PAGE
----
Learn how to take your time-parting analysis to the next level by creating a heatmap visualization of behaviors.
Hi, this is Jen Lasser with Adobe Analytics Product Management. In this video, I’m gonna show you how to create what we like to call a time parting heat map. This is a tape we showed last year at Summit and found that our customers really enjoyed. Time parting is a way to take the timestamp of collected hits and break it into more meaningful information. For example, you can see here we have dimensions of day of week and hour of day. These are both time parting dimensions. Now while this information is helpful in its separate tables, there’s a trick you can do to make it a lot more visual and easy to understand for your end users. So, let’s say that you are a content manager and you have a new page that you want to publish onto your website and you want to know what the best time is to publish that page that will get you the most views of the new content. So, I’m gonna show you how to take this data and turn it into a more visual, easy to understand output. So, the first thing that you want to do is create a cross-tab table. So, what I’m gonna do here is just delete my day of week table and I’ll expand my hour of day. I want hour of day down the rows like I have here and then I want to bring over day of week to form a cross tab.
Opening up the day of week dimension, I can select all the items and bring it in dropping it under occurrences.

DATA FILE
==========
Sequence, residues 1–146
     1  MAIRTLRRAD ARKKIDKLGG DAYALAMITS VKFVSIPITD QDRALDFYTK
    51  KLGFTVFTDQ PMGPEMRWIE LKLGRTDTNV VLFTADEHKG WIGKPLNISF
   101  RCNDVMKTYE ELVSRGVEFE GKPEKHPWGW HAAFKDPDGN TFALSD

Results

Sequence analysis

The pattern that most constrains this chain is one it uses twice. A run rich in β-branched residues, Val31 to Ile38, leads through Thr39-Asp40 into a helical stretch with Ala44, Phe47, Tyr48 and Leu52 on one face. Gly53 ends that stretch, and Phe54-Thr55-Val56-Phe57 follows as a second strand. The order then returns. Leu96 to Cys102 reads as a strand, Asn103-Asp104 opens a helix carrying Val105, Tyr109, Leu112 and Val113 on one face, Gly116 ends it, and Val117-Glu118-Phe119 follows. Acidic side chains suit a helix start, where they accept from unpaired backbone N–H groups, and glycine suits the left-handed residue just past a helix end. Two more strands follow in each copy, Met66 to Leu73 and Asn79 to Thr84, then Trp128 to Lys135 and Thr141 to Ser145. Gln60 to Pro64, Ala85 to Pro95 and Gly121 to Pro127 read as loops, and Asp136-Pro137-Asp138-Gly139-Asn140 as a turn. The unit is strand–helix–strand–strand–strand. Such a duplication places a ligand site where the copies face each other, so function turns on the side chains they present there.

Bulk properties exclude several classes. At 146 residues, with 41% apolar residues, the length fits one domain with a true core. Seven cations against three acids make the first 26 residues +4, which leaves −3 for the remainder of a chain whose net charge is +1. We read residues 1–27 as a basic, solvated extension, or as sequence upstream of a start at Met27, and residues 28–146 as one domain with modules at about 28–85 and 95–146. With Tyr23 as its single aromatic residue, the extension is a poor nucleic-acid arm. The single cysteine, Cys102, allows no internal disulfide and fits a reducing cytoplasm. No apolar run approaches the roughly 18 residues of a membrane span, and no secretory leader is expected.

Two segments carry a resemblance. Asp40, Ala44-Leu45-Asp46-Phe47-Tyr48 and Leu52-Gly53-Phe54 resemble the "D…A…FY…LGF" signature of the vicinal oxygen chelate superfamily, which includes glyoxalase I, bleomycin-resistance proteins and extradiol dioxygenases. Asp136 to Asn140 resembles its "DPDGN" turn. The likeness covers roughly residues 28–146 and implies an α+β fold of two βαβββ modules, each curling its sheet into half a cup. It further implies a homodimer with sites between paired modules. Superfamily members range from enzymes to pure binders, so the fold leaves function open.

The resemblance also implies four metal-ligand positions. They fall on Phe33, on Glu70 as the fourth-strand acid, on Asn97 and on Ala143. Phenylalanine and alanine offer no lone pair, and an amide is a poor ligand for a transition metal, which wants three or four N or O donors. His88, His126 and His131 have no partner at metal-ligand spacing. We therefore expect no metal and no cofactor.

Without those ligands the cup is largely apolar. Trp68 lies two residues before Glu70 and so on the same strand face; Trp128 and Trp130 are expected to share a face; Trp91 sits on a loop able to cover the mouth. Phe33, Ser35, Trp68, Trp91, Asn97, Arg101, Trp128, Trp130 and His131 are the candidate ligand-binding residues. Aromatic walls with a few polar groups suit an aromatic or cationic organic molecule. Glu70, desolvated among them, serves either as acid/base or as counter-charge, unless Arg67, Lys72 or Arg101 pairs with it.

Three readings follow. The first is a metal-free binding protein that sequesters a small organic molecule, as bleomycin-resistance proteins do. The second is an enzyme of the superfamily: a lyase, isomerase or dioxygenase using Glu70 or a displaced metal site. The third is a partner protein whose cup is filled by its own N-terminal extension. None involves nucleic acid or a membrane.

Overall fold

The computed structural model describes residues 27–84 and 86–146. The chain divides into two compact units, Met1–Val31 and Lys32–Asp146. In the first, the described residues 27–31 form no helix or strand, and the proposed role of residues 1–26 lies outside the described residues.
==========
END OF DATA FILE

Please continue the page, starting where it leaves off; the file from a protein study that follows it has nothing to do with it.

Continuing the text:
So, now we can see all of the occurrences to our site by day and by hour of day. If we want to choose a different metric, we can simply replace it by dropping in something like visits over occurrences. The next and final step is to multi select the columns and then choose the column settings gear. You want to turn all of the settings off. Uncheck number, percent and then for background, change to Conditional formatting. Conditional formatting will auto generate a range from red to green representing the values that are in the cell and where they fall in that range. In order to make sure each column is assessed by the same range of values, you want to change from auto-generated to custom. That will ensure that every column in the table has an upper limit of 2599 and a lower limit of 662. So, if we minimize that settings modal, you can see now that we have a very visual representation of the visits to our site. Very quickly eyeballing this, you can see that the late morning, early afternoon is the time when people come to our site the most and you can also see on Friday that we get a lot of viewers earlier in the morning. So, if I was a content manager trying to decide when to publish my new page, I think, I would choose Friday earlier in the morning to push out that content. If you want to change to a different metric, it’s a really easy approach. So, let’s say you wanted to look at when people order on your website instead of visit. You can simply drag over your orders metric, replace visits up top here, once you drop it, don’t panic, it’ll change everything to red, the other stuff that you need to do to make this work for a new metric is, again, multi select the columns, click the gear and then just toggle the Conditional formatting to auto-generated and back to custom again. That way it will define a new custom range for all of the columns to be assessed by that works with the metric you’ve just added in. So rather than look at the visits to the site, we can look at orders by day and hour of day instead. The last trick I wanted to share with you here is to fit more data onto the screen, so, if you want to see more hours of the day in this table, take advantage of the new View density setting under Project info and Settings. Right now I’m set to comfortable but if I switch this to compact, I’ll be able to fit even more rows of data on a screen at a single time. So, now we can see the entire hours of day and days of week all in one shot.